Thursday, February 15, 2007


A classmate put forth this conundrum in my Public Choice class this morning:

Let's say you are in a three-way duel, and all three of you have a gun with an unlimited amount of bullets. Your two opponents hit with an accuracy of 90% and 80%, and you shoot with a success rate of 50%. Sequential shooting rules apply, and it's your turn. What do you do? He was convinced of a set course of action that would emerge in the short-run; I'm not entirely sold on the idea. I'm curious what everyone else thinks. I also think the far more interesting scenario is if everyone has to choose at once, instead of sequentially.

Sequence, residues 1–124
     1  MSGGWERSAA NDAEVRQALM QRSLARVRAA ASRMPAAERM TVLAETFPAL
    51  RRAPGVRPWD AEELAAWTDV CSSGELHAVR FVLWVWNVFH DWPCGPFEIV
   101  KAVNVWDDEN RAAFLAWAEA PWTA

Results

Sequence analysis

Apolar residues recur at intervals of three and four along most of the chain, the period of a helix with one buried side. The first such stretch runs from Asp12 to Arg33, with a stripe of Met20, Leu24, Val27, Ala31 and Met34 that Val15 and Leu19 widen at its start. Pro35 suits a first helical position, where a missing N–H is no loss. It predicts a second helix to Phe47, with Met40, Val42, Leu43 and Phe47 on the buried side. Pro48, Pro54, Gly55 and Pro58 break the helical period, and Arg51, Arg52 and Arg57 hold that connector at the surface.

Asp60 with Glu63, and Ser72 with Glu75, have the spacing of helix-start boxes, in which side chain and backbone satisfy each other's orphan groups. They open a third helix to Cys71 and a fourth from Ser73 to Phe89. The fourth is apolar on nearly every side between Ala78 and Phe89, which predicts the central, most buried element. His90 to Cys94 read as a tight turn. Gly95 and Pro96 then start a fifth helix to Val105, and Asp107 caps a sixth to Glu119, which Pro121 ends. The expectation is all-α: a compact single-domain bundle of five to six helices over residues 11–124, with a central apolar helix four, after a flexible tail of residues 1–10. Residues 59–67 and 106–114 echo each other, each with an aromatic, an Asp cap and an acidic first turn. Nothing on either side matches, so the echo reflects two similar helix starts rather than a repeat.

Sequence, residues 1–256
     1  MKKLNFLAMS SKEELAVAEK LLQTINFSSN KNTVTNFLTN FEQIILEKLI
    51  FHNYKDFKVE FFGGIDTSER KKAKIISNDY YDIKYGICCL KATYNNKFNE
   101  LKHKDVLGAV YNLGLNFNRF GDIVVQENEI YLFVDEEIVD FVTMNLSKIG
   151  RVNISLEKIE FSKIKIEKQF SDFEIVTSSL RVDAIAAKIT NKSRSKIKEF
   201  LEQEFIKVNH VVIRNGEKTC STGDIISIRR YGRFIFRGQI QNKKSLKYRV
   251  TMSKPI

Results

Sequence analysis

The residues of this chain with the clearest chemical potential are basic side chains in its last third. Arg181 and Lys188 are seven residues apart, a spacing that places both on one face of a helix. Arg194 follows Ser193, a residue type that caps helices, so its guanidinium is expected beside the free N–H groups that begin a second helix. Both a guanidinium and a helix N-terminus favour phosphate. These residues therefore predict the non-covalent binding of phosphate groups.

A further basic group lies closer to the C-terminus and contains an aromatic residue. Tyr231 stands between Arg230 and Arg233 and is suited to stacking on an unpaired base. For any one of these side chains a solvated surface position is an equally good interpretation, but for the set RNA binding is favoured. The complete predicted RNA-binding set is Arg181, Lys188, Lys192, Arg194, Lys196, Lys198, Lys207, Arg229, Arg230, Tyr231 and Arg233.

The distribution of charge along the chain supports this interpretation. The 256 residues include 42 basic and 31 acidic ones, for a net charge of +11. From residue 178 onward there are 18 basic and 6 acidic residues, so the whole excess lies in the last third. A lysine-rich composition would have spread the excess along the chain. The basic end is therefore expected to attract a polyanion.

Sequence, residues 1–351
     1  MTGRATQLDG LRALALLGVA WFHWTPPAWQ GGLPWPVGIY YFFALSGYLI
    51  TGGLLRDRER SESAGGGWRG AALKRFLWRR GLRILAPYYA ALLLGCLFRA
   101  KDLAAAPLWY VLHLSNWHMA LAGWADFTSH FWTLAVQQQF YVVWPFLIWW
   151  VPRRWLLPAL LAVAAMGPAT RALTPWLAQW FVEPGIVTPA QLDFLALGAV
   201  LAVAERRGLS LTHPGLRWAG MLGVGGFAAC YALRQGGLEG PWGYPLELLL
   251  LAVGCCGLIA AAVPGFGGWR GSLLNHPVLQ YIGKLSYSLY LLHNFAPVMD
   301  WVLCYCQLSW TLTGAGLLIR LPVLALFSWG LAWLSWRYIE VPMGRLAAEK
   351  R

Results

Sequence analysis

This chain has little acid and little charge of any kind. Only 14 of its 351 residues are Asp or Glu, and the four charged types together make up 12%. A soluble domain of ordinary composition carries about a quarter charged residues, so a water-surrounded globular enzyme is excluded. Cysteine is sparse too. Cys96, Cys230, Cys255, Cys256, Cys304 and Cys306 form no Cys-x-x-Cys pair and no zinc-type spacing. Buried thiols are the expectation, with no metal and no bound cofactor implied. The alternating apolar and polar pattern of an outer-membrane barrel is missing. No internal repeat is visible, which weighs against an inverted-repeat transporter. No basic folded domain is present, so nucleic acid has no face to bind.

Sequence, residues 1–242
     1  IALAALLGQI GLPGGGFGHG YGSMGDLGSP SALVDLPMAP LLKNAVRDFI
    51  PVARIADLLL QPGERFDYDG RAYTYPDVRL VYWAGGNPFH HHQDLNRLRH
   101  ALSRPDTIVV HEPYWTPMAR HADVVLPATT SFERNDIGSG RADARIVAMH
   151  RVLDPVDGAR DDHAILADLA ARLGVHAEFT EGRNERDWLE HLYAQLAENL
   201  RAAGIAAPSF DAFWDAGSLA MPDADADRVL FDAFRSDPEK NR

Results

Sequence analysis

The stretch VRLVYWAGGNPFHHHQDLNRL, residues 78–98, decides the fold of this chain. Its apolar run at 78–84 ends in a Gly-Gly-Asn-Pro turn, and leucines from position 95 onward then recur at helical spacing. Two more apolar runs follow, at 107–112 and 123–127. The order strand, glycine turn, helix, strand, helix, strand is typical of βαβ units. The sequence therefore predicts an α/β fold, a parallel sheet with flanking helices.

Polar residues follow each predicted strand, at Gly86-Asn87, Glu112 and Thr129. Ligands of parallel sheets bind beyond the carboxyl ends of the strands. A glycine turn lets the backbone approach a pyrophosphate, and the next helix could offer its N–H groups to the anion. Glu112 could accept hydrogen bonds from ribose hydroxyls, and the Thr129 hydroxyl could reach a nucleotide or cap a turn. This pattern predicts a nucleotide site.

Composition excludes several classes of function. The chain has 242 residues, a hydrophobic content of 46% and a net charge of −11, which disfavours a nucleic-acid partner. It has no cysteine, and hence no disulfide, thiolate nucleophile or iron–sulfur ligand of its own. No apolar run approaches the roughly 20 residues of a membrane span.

I then got to thinking about a more general scenario-- a three-way duel, and everyone in the group has one bullet. Accuracy rates would matter at the limit, but anything away from that and I think risk preference plays a bigger role. Even more so in a four-person duel with one bullet apiece-- accuracy matters at the limit, but now you've got risk preferences mixed in with group sanction effects, though group sanction exists only insofar as there is more than one period to make decisions (all-at-once decision making with the option of inaction).

1 comment:

TJ said...

The original problem is a classic, probably because it combines logic and lateral thinking. The accepted "best" answer is to shoot no one.